Alec: Definitely my Fields of the Nephilim t-shirt, as this pale Brooklyn-denizen needs to be properly bedizened in a black band t-shirt in an effort to ward off the harsh island sun.

Talha: For a metalhead I don't really own too much band merch, but I have a Carcass shirt that I really like and would certainly wear on the island. How else would I let my potential rescuers know that I'm hip? Plus Carcass are awesome.

Noah: I’m going to go out on a limb here and assume that Kiss has some sort of solar-powered, long distance distress beacon that fits perfectly in my suitcase. That bad has made merch of every conceivable medium, so this has to be it. Nope…not going to Google it. Just going to blindly believe that this is a thing.

Dave: My Leviathan logo shirt, just because it fits really well. Unfortunately, though, it’s black, like all the merch shirts I have. Not good for being out in the sun. Is this a tropical island? Maybe I’ll cut the sleeves off.

You’re sat on the island thinking “I’m stuck here on this island with my bandmates for eternity”… who would you rather have been shipwrecked with?

Alec: My wife along with all of our pets.

Talha: My lovely girlfriend.

Noah: No hesitation: my significant other. Would much rather be with her than these bozos.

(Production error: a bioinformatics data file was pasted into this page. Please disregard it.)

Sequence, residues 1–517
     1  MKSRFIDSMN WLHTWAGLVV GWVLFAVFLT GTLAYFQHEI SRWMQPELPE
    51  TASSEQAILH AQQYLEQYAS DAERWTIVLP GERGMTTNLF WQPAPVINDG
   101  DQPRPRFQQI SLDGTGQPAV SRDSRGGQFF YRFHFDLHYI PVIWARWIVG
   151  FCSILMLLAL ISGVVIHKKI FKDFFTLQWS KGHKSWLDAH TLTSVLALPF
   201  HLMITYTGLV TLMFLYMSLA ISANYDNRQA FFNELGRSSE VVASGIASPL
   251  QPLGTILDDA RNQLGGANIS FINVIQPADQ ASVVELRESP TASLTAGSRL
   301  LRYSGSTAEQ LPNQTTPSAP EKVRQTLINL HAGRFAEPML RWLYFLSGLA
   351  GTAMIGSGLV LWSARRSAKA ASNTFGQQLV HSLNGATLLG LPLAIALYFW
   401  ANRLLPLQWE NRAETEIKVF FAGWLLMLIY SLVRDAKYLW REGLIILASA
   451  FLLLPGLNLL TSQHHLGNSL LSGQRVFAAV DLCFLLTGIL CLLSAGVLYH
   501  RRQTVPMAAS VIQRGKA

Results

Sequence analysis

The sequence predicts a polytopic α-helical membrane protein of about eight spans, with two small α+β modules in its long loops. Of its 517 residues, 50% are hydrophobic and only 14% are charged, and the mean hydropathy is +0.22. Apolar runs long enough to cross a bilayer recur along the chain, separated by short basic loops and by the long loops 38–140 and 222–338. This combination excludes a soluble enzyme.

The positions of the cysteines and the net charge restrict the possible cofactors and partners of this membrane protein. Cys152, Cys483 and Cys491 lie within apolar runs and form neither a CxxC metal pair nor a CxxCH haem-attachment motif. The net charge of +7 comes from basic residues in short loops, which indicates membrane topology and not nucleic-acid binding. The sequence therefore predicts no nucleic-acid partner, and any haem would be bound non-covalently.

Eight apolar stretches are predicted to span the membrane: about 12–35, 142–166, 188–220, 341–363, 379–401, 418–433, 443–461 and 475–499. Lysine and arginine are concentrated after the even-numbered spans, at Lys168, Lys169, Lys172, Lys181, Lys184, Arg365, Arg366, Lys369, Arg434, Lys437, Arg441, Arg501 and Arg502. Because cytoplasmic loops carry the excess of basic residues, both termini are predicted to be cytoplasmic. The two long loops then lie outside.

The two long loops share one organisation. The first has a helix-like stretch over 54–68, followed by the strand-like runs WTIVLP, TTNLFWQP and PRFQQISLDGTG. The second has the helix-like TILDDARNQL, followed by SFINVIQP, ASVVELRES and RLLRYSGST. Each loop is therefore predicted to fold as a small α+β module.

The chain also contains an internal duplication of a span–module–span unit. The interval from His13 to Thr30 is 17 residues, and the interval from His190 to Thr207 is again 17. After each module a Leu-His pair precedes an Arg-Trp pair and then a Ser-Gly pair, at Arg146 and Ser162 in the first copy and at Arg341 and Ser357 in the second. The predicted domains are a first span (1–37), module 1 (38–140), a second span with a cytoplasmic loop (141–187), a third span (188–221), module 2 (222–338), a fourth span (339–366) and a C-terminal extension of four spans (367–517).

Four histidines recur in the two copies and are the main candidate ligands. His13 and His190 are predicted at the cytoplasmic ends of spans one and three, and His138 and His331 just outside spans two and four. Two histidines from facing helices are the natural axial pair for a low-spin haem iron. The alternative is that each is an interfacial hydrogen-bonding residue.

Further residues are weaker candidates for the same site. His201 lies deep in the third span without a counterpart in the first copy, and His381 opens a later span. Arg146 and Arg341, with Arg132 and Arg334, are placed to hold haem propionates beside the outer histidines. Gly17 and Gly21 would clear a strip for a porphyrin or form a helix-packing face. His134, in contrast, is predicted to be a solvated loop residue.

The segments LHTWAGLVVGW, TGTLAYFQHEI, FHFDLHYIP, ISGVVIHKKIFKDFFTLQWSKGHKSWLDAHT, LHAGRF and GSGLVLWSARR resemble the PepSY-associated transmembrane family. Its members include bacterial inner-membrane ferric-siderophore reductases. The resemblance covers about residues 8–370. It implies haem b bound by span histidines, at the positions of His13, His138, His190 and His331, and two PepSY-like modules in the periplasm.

Dave: My kids…NOT!! Frank, the dog. Man’s best friend.

DEVIL’S ISLAND featuring Ghostbound

There's a walkman in your pocket, on the tape inside is the recording of the one live show that stands out for you. It could be any show, from any band, anywhere in the world. What show is on that walkman?

Alec: Attending a live show is remarkably different from listening to one, to be clear. It would be any one of the shows from which Fields of the Nephilim's Earth Inferno live album was culled and/or the tour that comprised Ministry's In Case You Didn't Feel Like Showing Up.

Talha: Mogwai, one of my favorite bands of all time, did a live performance on the BBC's Quay Sessions while supporting their album Every Country's Sun in 2017. I re-watch the entire performance on YouTube about once a month so I'd have that on my walkman. Perfect setlist, perfect performance, perfect sound engineering.

Noah: It’s a Gwar show from 2006. It has to be. End of answer.

Dave: Pixies, the Rat, Boston MA 1988. Favourite band (at the time), in their true prime, classic venue, the best night ever. Would be nice to remember.

You're getting desperate, you decide the only course of action is to put a message in a bottle and hope someone finds it. Your message could be to any member of any band, but should be the most suitable for a rescue attempt. Who is it?

Alec: Didn't Simon LeBon from Duran Duran once rescue an entire crew after the yacht they were on capsized? Actually, scratch that. Bruce Dickinson, because the man is an actual pilot who flew a rescue mission during a particularly hairy, war-torn period in Lebanon's history, as I recall. The man can literally fly you to safety. If any of my bandmates say "Jimmy Buffett" we will have to have a very serious talk.